Amazon review: “What an awesome and refreshing movie. Strikingly honest and beautifully done. I'm glad I got to see the epilogue to see how things turned out "happily ever after." They make such a wonderful couple and deserve all the happiness in the world! Please make more wonderful movies, Roseanne!”

  • Marv | December 2, 2013 5:36 AMReply

    Hate to sound commercial but I think it would be interesting if netflix redbox etc teamed up with small theaters or bought them out and with a subscription you could also go to the theater. Maybe even collectively vote tugg style on what gets played

  • Barry Norman | November 13, 2013 7:30 AMReply

    As an independent theater owner who is seeing many fellow indie theater owners closed due to the cost of digital conversion, having day & date VOD and theatrical release coincide will be the final nail in our coffin. If younger viewers don't go to the small, local theaters as our older customers become less able to do so, we won't survive.

  • Schmüdde | November 12, 2013 8:32 PMReply

    National Association of Theatre Owners president John Fithian addressed Sarandos directly:

    "If Hollywood did what Sarandos suggests, there wouldn’t be many movies left for Netflix’s customers or for anyone else. It makes absolutely no business sense to accelerate the release of the lowest value in the chain."

    Translated: “It makes absolutely no business sense to give the consumer the option to choose how they want to consume their media. It’s better if we create artificial constraints.”

    Mainstream record labels didn’t do well in their war against the consumer, and I doubt that mainstream exhibitors will either. Some independent films have released on multiple platforms on the same day. If this becomes a widely-adopted practice, we could see a real shift in what the consumer expects.

    (More on this topic at http://beyondthefra.me)

  • JohnL | November 12, 2013 3:56 PMReply

    I'm a semi-professional film critic/cinephile and I vote yearly in some year end award bodies. I live about 45 minutes from my local arthouse and a little less than an hour from my other arthouse. VOD allows me the opportunity to see many of the independent and foreign films that I normally would have to drive to see. (It is very costly to drive to see each important film). For example this year I've been able to see Beyond the Hills, The Angel's Share, Bastards, and many other major IFC releases on VOD. Other indie distributors have not been as kind, such as Strand, and this weekend I will make the hour trek to go see A Touch of Sin. While I'm willing to go the distance to see some indie and foreign films, most people will not. When distributors like Strand, Kino, Magnolia, and the such don't give wider releases to their movies I think it is better for them to release then on Demand. Maybe they don't have to do so on the first few weeks of release, but maybe a month later.

    Video on Demand should allow us to have more movies picked up to. It seems a lot easier for a company to pick up a movie like Jimmy P. (IFC) now than in the past. A few years ago, I think I counted 7 Cannes Competition entries withou US distribution. Last year we only had 1 and this year 2 have not been picked up yet. I believe VOD has led to more movies being picked up, such as Jimmy P, which didn't have stellar reviews out of Cannes but will have viewership which may still watch it. It doesn't seem to be as big as a financial liability for the indies.

  • Amanda Aldridge | November 12, 2013 10:29 AMReply

    Going to theatre will always be my preference because I feel the power but if a film does not make it & goes directly to DVD - if it has gotten decent reviews from viewers then YES - I will want to have it VOD.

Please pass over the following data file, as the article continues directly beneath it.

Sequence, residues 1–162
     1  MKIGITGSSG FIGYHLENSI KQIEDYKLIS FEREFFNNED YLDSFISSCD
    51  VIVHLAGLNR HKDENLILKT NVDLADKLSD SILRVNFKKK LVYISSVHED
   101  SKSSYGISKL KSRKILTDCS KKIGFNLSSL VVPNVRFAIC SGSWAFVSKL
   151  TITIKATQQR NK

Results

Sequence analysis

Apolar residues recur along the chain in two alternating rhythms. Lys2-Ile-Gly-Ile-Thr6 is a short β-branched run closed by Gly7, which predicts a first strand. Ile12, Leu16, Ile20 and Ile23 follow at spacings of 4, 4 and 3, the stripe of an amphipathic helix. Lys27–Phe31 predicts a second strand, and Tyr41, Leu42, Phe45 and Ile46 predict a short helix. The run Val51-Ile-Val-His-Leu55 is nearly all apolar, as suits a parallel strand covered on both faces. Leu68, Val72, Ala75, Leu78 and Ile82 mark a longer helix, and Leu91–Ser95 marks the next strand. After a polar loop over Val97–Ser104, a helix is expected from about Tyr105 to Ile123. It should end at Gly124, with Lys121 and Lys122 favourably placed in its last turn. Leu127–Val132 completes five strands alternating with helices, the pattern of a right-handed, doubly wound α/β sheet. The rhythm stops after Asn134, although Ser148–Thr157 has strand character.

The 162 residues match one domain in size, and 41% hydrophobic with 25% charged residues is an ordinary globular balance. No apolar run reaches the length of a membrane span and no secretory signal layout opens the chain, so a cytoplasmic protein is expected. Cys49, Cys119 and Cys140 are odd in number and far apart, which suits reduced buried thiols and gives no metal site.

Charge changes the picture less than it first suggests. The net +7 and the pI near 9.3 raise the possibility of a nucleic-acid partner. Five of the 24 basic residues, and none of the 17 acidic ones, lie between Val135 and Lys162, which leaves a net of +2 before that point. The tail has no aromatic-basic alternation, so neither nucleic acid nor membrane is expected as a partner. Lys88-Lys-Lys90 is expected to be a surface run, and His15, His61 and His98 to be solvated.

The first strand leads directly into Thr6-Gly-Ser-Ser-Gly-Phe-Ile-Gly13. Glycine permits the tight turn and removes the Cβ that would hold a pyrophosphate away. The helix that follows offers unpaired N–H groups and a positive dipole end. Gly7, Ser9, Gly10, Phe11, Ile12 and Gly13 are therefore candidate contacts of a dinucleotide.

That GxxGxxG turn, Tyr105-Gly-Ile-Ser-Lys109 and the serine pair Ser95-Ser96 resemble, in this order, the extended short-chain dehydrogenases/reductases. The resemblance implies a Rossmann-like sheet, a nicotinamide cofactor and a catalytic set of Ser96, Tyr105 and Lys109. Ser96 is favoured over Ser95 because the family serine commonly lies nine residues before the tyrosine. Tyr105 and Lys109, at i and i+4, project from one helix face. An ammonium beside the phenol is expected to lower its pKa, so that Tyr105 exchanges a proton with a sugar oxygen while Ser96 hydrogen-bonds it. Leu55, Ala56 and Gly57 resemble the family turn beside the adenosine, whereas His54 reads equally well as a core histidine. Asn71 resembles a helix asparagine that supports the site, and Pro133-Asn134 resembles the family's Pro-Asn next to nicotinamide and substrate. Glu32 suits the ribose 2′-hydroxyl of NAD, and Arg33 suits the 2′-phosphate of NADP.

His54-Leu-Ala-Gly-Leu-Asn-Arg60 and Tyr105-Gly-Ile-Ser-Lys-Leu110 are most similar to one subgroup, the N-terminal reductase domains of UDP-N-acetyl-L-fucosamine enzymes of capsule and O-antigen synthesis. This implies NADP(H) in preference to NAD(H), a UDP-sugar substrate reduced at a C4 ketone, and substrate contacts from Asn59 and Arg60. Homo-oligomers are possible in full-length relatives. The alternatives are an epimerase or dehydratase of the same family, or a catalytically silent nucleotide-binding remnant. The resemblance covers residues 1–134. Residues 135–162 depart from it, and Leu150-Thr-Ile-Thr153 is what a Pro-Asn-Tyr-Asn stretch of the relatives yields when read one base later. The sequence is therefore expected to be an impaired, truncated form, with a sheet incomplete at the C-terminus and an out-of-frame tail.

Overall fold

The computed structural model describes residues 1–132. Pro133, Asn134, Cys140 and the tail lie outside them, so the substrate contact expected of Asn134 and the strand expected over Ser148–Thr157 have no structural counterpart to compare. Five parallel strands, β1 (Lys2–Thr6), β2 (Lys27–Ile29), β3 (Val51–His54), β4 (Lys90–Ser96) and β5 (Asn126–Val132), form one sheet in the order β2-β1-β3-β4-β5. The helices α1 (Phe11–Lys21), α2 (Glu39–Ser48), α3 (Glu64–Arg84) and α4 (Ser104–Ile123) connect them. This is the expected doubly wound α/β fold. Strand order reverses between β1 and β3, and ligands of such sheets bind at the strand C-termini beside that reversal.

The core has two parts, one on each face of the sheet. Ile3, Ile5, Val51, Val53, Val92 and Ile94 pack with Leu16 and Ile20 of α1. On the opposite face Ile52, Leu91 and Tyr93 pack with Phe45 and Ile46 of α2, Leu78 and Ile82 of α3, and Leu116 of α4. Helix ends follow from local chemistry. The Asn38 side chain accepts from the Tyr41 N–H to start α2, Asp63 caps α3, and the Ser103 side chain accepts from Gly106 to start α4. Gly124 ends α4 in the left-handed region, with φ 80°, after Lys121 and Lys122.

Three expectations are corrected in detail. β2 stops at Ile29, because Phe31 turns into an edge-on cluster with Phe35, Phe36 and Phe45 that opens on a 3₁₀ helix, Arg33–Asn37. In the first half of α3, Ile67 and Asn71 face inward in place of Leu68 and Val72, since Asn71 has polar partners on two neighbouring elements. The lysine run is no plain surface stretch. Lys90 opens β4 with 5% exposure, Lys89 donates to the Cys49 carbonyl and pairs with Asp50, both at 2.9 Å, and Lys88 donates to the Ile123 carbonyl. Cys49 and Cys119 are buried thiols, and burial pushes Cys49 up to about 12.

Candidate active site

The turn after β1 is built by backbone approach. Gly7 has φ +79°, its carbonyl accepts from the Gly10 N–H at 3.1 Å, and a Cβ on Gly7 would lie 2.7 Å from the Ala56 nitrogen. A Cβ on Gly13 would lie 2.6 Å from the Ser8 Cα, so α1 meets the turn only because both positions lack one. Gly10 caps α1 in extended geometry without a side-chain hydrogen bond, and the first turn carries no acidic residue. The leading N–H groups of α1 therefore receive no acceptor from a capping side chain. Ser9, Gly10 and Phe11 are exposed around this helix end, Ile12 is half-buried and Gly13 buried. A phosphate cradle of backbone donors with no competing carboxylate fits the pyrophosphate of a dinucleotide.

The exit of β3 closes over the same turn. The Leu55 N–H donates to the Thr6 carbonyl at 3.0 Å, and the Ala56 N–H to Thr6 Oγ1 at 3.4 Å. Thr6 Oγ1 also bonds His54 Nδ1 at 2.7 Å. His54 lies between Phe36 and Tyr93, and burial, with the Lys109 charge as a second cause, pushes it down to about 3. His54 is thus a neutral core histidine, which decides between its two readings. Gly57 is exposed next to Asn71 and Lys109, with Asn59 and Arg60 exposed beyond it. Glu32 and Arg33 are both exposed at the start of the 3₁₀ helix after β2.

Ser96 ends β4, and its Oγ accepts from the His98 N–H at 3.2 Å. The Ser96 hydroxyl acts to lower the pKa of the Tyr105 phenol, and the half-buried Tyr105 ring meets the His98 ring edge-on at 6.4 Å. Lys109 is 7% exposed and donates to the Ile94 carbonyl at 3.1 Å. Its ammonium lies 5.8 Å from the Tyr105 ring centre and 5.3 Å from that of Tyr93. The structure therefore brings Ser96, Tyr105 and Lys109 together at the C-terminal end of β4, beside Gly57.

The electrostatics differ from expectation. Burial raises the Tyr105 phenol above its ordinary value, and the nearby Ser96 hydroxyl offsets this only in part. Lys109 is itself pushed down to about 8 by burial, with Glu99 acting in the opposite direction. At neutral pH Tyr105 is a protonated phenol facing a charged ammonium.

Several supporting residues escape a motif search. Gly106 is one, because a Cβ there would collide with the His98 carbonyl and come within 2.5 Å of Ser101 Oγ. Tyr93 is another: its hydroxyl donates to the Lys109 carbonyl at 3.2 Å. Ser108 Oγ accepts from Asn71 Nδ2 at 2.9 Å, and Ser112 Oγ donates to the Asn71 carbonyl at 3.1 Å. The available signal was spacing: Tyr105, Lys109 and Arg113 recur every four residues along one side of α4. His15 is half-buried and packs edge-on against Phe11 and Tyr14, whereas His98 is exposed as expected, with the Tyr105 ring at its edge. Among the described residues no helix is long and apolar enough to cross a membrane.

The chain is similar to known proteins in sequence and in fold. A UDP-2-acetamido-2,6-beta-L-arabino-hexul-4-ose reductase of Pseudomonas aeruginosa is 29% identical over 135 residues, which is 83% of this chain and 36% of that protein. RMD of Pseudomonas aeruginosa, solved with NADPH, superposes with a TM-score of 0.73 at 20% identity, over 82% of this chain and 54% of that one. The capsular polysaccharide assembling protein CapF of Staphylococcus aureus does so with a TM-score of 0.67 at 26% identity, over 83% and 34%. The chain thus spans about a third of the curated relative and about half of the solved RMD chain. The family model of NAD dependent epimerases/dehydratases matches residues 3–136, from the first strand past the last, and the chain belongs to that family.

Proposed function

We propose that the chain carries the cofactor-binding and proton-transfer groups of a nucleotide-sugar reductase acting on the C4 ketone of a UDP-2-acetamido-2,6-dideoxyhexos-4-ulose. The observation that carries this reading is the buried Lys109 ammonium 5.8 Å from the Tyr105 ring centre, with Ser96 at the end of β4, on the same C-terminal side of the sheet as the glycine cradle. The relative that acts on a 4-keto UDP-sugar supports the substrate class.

• Daniel Delago | November 12, 2013 5:58 AMReply

    Like the article says, theater owners are not worried about VOD for indie films. They are concerned about it eating away at their revenues for blockbuster releases. VOD is a good thing for independent film. Many good quality indies never get into movie theaters. 'Blue is the Warmest Color' comes to mind and a new indie called, 'The Motel Life' starring Emile Hirsch, Stephen Dorff and Dakota Fanning went straight to iTunes and VOD for example.

  • Russ Collins | November 11, 2013 10:08 PMReply

    VOD vs. Theatrical is a headline grabbing topic. However, it seems to me that we are obsessing over a topic that the market, in my opinion, has essentially decided. VOD already exists and can be implemented in many ways -- from merely posting a film on YouTube or Vimeo, or cleverly crafting a well-managed and carefully executed day and date theatrical and VOD release, or finally, executing a "traditional" platform release that begins with festival screenings, progresses to a theatrical release and ends with a video release in many different formats. There are hundreds of variations on these three basic release formats. For filmmakers and distributors deciding on what to do it is a complicated calculus. For theaters it is another dynamic to adapt to, but honestly, as a theater operator, it is not earth-shattering -- a little annoying, maybe a bit confusing, but the annoyance and confusion will soon pass as VOD day-and-date is assimilated into the release strategies of uncountable films desperately seeking to establish a place for themselves in a highly oversaturated market.

    Seeing a work of cinema day and date, via VOD, is just another way to be entertained at home with moving images. In the second decade of this 21st century it should in no way be discussed as a revolutionary concept or a dynamic that will significantly shift markets. 75 years ago seeing moving images at home was a revolutionary concept. 75 years ago the ability to see video at home shook the foundations of cinema markets profoundly and for the next decade and a half it reshaped the market for cinema (and TV). The shock of seeing video on a small screen still reverberates today. However, theatrical exhibition survived the initial cataclysm and has been essential stable since 1964, for nearly 60 years. Day and date VOD is the merest of aftershocks from that long ago, but cataclysmic cinema earthquake caused by small screen video technology.